120 Years Ago: Nov. 30, 1899
The elevator took in about 150 loads of wheat here Monday, paying from one to five cents more per bushel than market price. The business in that line has been booming here for the past week.
Wild geese have been making their annual pilgrimage south this week. They are generally considered harbingers of cold weather, but it looks like they were crowding the season.
The telephone instrument has been placed in the drug store of W. Douglas and the citizens of Freeman and this place have been visiting with each other to a considerable extent. Menno is now connected to all points east. You can have a long or short talk if you desire.
“Did you ever run across an old home newspaper?” asks an exchange. “Did it not prove extremely interesting as you read its columns of local news and personal mention? As you look over its pages, the many seemingly trivial mentions carry with them a multitude of tender and pleasing associations. You wonder that you prized the paper so little when it was first printed when you find it so full of interest after so many years. It is only when one gets hold of some local paper and views its panorama of the past, and reflects on what a perfect mirror of local events the paper are, that he begins to estimate their real value as a recorder of current history.”
100 Years Ago: Nov. 27, 1919
Fine weather with bad roads.
The concert held at the Opera House Thursday evening was a unique affair. The audience delighted at the prospect of hearing Mme. Mabelle Wagner Shank and the Sokoloff Trio. But a surprise was in store for them. Not one but two Mme. Schanks sang to the spellbound audience. And this phenomenon was brought about by means of a graceful cabinet, which stood beside the artists on the stage. Mme. Shank, standing beside the cabinet sang in unison with Mme. Edison’s recreation of her own voice. In the midst of the song, Mme. Shank’s lips ceased to move but her song went on without a break. Veritably it seemed that there were two singers upon the stage. The tones which came from the new Edison matched those from the living artist so perfectly it was impossible to detect any difference. After the applause which followed, the Sokoloff Trio came forward to share the stage with their fellow musician, the new Edison. Again, two sets of artist were before us, the Sokoloff Trio, with their piano, violin and cello played in unison with the recreation of their art. One of the most interesting novelties in the evening of unique experiences was when Mme. Shank sang a duet with her own voice. The effect was somehow unreal and weird as though one artist had become bewitched into two by some magician’s art.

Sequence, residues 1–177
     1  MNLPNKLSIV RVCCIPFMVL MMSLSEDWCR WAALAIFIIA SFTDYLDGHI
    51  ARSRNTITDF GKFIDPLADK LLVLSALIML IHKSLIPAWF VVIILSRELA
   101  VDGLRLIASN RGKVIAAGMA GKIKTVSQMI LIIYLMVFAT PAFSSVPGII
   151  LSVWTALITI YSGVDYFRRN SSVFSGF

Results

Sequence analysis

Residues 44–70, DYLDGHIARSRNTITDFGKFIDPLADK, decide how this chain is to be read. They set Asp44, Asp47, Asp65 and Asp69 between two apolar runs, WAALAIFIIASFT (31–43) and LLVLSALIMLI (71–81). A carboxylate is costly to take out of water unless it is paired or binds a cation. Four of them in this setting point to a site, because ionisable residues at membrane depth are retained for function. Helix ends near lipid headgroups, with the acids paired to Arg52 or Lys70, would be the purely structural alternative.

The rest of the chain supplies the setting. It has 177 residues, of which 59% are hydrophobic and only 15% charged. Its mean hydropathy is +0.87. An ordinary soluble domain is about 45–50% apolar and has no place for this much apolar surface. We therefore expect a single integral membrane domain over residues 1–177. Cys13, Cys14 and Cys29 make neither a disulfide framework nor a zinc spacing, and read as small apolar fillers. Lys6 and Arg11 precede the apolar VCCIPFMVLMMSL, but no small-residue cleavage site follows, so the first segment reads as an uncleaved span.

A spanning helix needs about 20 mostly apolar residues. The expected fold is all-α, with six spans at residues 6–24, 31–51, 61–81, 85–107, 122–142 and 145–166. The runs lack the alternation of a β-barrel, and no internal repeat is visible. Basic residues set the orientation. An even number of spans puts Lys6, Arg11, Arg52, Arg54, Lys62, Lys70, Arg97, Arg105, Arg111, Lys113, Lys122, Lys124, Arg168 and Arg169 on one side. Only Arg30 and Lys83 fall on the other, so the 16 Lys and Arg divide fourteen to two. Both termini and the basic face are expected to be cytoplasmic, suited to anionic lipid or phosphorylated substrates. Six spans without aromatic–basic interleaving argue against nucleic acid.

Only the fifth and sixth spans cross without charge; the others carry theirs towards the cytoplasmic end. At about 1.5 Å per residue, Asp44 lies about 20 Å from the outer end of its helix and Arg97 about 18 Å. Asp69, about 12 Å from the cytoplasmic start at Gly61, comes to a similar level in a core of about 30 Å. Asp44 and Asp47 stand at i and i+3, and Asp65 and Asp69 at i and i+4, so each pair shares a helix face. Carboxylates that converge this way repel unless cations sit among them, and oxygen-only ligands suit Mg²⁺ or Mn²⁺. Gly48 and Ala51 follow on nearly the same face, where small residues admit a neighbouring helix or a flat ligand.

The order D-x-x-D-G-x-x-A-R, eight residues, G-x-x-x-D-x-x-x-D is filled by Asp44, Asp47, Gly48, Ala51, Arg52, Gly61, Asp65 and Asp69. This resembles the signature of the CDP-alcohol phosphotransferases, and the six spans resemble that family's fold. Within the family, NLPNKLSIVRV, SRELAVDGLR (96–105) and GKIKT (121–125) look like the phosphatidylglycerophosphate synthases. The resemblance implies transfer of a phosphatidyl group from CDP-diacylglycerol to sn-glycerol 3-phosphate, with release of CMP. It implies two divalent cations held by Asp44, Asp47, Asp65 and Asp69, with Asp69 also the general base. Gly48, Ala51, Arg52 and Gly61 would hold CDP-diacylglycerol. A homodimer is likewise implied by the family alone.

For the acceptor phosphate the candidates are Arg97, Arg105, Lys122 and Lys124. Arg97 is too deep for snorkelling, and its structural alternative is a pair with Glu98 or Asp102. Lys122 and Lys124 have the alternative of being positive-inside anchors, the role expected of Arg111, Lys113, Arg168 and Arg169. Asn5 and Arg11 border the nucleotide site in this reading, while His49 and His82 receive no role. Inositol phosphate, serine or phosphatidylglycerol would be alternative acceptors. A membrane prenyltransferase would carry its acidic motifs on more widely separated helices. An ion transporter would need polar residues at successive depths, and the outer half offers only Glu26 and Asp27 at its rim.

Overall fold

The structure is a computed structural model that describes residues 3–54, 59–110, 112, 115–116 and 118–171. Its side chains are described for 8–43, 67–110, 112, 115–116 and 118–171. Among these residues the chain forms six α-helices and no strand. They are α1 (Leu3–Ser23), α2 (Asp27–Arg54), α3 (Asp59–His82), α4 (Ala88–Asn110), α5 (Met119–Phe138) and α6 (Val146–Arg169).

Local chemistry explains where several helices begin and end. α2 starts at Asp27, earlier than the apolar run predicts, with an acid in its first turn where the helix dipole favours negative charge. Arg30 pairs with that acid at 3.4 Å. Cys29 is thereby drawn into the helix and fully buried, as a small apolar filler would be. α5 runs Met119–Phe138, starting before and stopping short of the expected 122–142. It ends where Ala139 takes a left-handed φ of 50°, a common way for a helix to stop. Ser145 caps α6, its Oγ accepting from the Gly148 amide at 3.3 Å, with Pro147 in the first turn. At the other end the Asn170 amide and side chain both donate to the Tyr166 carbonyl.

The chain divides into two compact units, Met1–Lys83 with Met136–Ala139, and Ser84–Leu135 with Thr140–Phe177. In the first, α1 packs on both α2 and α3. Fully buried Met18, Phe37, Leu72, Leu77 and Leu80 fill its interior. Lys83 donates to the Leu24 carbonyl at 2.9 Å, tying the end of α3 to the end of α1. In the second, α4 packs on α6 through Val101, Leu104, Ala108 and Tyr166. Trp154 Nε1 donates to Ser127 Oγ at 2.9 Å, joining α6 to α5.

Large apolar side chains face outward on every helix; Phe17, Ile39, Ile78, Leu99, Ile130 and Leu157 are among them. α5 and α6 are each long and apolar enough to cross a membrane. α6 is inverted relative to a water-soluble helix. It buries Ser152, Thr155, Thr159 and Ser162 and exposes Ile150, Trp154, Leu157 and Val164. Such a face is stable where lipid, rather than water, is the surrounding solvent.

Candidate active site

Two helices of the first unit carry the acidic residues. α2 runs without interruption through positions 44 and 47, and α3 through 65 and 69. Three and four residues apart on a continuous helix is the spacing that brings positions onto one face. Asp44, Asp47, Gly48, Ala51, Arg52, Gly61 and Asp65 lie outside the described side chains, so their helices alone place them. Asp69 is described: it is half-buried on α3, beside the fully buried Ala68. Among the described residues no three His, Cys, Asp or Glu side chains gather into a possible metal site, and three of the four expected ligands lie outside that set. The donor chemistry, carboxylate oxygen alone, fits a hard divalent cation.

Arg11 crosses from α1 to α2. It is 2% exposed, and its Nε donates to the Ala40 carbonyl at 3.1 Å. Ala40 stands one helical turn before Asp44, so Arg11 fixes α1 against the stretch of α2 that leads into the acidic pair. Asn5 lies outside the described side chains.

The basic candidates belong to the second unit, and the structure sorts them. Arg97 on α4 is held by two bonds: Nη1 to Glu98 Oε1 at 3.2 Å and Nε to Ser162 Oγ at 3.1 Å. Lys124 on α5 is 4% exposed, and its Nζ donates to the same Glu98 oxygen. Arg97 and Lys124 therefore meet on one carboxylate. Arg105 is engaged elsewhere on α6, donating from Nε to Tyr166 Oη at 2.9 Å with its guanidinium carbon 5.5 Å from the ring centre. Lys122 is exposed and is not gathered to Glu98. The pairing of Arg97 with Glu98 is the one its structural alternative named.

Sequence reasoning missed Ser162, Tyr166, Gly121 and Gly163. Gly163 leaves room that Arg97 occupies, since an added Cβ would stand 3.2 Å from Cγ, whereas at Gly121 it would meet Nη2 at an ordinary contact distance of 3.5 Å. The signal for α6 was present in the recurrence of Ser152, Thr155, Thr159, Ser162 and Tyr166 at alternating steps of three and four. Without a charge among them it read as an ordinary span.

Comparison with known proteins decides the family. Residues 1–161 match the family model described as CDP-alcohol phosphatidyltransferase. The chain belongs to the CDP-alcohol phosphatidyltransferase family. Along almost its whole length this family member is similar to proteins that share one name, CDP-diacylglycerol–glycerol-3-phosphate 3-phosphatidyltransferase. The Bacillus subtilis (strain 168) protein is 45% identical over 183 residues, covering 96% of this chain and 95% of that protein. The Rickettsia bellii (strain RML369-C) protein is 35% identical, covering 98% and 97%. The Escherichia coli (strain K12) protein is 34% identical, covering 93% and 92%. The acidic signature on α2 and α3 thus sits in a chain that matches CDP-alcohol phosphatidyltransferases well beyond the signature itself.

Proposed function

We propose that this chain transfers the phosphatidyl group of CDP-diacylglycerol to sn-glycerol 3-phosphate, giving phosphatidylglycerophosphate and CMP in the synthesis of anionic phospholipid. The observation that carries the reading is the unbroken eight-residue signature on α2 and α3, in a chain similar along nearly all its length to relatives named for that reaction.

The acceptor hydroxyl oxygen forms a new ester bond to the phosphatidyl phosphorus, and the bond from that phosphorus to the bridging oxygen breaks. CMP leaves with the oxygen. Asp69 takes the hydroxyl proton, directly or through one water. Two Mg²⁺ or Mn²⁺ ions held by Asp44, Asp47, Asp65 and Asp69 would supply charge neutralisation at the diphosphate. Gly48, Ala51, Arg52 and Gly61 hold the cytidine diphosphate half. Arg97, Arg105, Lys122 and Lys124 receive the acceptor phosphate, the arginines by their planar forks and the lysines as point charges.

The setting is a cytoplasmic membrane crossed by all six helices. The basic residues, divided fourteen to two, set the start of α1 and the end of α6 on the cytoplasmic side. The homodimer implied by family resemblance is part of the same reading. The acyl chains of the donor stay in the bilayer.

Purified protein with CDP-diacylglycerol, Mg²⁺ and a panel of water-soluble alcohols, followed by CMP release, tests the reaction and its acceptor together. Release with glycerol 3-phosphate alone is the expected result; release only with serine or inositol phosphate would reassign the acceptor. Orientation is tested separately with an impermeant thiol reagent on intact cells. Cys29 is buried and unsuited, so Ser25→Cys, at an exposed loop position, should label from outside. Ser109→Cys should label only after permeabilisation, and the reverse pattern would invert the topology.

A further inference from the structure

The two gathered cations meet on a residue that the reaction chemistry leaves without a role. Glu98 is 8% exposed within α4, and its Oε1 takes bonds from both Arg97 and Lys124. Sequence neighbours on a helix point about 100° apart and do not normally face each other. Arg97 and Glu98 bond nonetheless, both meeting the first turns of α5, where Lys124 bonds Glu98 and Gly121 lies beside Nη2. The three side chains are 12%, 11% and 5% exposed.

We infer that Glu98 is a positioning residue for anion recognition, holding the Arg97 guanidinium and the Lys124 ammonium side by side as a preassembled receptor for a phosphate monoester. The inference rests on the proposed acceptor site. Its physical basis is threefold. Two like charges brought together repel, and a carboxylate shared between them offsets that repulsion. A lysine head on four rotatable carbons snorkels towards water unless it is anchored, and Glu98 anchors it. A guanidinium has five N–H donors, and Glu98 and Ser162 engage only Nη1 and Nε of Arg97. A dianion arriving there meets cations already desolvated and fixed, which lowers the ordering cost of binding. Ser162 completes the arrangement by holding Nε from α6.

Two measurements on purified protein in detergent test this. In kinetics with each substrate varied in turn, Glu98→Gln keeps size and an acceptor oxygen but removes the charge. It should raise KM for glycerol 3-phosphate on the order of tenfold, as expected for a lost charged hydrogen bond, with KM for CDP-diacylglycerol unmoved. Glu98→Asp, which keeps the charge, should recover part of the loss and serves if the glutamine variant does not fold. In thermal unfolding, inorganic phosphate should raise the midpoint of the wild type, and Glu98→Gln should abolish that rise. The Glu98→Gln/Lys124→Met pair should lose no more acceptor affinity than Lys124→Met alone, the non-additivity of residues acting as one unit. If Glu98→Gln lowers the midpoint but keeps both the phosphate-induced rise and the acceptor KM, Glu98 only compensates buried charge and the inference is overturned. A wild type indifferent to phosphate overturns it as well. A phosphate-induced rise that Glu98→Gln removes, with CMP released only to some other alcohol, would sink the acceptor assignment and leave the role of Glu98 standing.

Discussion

80 Years Ago: Nov. 30, 1939
Obituaries: Elsie (Oswald) Kunkel, died Nov. 21, 31 years; Anna Vanorny, died Nov. 11, 88 years.
Strip cropping is proving an efficient means of controlling erosion on many South Dakota farms.
There is no authentic record of the loss of human life by an alligator – stories and movies to the contrary notwithstanding.
Store clerks have to be smart these day lest they get outsmarted by swindlers. About the slickest swindle we’ve heard of in a long time was pulled in southern Minnesota recently. A stranger comes into a store, purchases a small article and presents a $10 bill for which he get change. A short time later, another stranger makes a small purchase and presents a $1 bill. After the bill has been placed in the cash register and the purchaser has been given change, the stranger tells the clerk a mistake has been made as he gave her a $10 bill. He says he remembers it distinctly because he had jotted down a telephone number on the bill and even mentions the number. The clerk finds the bill with the telephone number written thereon. Lots of the times the clerk falls for the scheme and hands over the change for the $10. But let’s not let ’em pull that one around here.
Menno businessmen are arranging to give away a number of free turkeys, geese and ducks on Saturday afternoon, Dec. 16 at 4 p.m. Everyone over 16 may register and must be present on Main Street Menno at 4 p.m. to participate.
The unusual warm fall weather has proven to be a real boon to farmers who have taken advantage of the of the favorable climactic conditions to wind up their late fall work quickly.
50 Years Ago: Nov. 27, 1969
Obituary: Otto Bietz, died Nov. 14, 70 years; William Bechtold, died Nov. 22, 70 years.
Utility company representatives and engineers are meeting to coordinate plans for conformance with state requirements associated with the operation of a new $100 million electric generating plant on the western side of Big Stone Lake. The 400,000 kilowatt plant is to be constructed and operated jointly by Northwestern Public Service Co., Otter Tail Power Co. and Montana-Dakota Utilities Co. “We will be burning North Dakota lignite coal,” said R.A. Wilkens, vice president of operations at NWPS. “This particular fuel is of low sulfur content, thereby reducing the possibility of detrimental effect on the atmosphere in the area.”